Students at Imperial College London are celebrating a successful test rocket launch from rural Scotland.
The launch is a big step for the team, which includes students from ten departments and three faculties across the College, who are aiming to be the first university team to send a reusable rocket into space.
The student-led Karman Space Programme aims to design, build and launch a rocket to pass the Karman Line – the internationally recognised boundary to space, roughly 100km above sea level – and then successfully return it to Earth to be reused.
The first test launch, which tested the recovery and avionics systems of the rocket and verified that it was reusable, took place in Ayrshire, Scotland shortly before 7pm on Saturday 16 July 2022.
“As a team, they are so enthusiastic and there is a tremendous amount of talent there. They are very mature.” Dr Ali Baghdadi Advisor for the Karman Space Programme
Aeronautical Engineering students Shapol M., Shakil Perera, Tian Fang and Mohammad Kapadia started the space programme last summer after first discussing the idea as part of an end-of-year project.
They have since recruited students from across the university, as well as a team of academic supervisors and advisors, including Computing alumnus Dr Ali Baghdadi.
Dr Baghdadi, who enjoyed building model rockets as a child, has mentored the student team, helped to raise sponsorship and was present at the test launch.
He said: “The founders reached out to me with their idea and we started collaboration. I guided them on how to get structure as an organisation and introduced various concepts such as design thinking, project management and budgeting.
“As a team, they are so enthusiastic and there is a tremendous amount of talent there. They are very mature.”
After some technical challenges and delays, the 2.2metre Nebula rocket successfully took off from Fairlie Moor, North Ayrshire, on Saturday, accelerating very rapidly amid plumes of smoke and cheers from dozens of student, climbing to an altitude of some 16,000 feet.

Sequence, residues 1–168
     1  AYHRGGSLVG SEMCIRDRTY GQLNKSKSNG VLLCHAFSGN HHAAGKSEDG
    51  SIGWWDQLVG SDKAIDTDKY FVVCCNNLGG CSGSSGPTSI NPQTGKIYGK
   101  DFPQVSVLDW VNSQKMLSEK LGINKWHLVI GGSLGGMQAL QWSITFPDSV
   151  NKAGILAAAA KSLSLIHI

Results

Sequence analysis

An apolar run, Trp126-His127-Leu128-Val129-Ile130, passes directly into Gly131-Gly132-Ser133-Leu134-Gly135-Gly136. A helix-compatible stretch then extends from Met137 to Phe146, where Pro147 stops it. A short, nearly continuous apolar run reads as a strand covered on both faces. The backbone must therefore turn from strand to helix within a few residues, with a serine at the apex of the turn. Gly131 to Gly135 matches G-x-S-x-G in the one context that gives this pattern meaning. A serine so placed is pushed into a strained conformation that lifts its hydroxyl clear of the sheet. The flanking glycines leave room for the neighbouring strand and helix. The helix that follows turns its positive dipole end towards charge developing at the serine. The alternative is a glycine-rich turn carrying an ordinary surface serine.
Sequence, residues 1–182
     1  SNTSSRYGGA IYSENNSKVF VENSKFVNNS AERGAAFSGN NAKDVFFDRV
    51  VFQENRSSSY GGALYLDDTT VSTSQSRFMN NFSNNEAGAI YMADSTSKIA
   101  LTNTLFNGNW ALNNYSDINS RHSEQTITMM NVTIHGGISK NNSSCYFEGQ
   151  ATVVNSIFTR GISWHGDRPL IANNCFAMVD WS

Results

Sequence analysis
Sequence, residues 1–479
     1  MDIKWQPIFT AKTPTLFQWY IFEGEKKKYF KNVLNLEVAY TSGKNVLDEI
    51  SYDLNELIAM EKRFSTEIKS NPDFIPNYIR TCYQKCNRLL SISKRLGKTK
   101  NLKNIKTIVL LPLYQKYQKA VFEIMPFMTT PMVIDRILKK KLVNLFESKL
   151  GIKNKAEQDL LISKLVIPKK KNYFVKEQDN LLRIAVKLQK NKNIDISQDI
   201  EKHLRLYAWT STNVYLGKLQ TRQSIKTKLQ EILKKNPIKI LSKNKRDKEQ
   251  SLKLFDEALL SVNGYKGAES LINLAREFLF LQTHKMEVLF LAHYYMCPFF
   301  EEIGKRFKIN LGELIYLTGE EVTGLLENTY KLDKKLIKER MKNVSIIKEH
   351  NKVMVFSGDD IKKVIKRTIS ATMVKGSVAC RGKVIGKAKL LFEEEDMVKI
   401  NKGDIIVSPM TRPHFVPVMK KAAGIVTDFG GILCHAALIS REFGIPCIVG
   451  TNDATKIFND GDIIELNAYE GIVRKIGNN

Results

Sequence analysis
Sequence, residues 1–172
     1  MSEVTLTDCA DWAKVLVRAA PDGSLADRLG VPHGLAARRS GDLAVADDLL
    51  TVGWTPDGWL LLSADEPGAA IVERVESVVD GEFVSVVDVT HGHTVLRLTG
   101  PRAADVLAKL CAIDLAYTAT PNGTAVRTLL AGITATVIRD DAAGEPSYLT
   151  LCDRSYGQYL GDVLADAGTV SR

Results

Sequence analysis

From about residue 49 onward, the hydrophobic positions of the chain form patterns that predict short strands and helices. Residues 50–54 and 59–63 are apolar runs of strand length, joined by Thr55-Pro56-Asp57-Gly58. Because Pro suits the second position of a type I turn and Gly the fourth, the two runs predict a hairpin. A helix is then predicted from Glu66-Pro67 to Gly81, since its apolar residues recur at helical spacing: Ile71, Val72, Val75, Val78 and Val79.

Operations lead Dyuti Chakraborty said the team would now be able to gather important data about how the rocket functioned.
She said: “Everyone is ecstatic and just so relieved that we could do it. We have been working on this rocket for a very long time and, for many of us, it’s our first rocket that we’ve ever designed or made.
“It’s been quite a nerve-wracking couple of days.”
"We have been working on this rocket for a very long time and, for many of us, it’s our first rocket that we’ve ever designed or made." Dyuti Chakraborty Operations lead at the Karman Space Programme
Over the next two years, the team will work on building and launching a series of prototypes, aiming at different altitudes to refine their design and prepare for the launch of a 100km altitude rocket in 2024.
Some elements, including the rocket’s liquid engine, will be manufactured by British aerospace manufacturing company GKN. One of the project’s sponsors, Dassault Systèmes, has supported the team to simulate their designs.
Main image credit: Fraser Cameron/Imperial College London.
Article text (excluding photos or graphics) © Imperial College London.
Photos and graphics subject to third party copyright used with permission or © Imperial College London.
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